10:47 – The taxes are finished and in the mail, and Barbara and I are back to work on science kit stuff.
I just ran a bunch of labels for the 2-liter soda bottles we have sitting around in large trash bags. The labels read:
Untreated Well Water – Do not drink unless you first boil, chlorinate, or micro-filter. May be used for cooking if water is brought to a full boil. May be used for toilet flushing at three 2-liter bottles per flush.
At a guess, we might have 300 empty 2-liter bottles sitting around. Filled, those would give us 100 toilet flushes or, alternatively, 540 more liters of drinking water after treating them. (It’s 540 rather than 600 liters, because we’ll fill them to only 1.8 liters in case they freeze.) We drink the well water untreated, of course, but it’s one thing to drink well water fresh from the tap, and another to drink unchlorinated well water that’s been sitting in bottles for weeks, months, or even years. The well water tested coliform-free, but it does contain some bacteria that show up as a blue scum in the shower.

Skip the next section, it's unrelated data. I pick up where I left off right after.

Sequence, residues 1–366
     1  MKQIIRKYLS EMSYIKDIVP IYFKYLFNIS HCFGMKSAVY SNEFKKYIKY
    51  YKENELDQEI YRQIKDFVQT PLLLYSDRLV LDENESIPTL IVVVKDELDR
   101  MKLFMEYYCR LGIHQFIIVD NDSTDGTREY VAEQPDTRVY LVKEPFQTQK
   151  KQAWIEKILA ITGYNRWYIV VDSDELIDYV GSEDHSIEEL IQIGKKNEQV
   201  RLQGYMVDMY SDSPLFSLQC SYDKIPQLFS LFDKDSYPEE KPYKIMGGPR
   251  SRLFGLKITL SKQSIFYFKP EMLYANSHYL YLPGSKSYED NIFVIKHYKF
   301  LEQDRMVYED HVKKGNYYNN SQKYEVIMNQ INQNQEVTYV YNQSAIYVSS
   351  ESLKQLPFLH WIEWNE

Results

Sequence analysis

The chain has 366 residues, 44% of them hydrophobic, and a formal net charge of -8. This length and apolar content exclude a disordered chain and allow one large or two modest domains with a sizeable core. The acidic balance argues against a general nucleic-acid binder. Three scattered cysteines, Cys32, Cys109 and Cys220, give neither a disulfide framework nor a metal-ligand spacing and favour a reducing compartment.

This is yet another example of a prep that costs little or nothing and doesn’t take much time. Everyone should be filling containers with water and storing them. Water outages are actually pretty common, and having lots of stored water can turn what would otherwise be a serious emergency into a minor inconvenience. My goal is to have a three-month supply stored for Barbara, Colin, and me. Nine gallons a day; four gallons each for Barbara and me, and a gallon for Colin. That totals 810 gallons, or about 3,200 liters. Call it 108 cubic feet, or a cubic space about 1.45 meters (4.75 feet) on a side.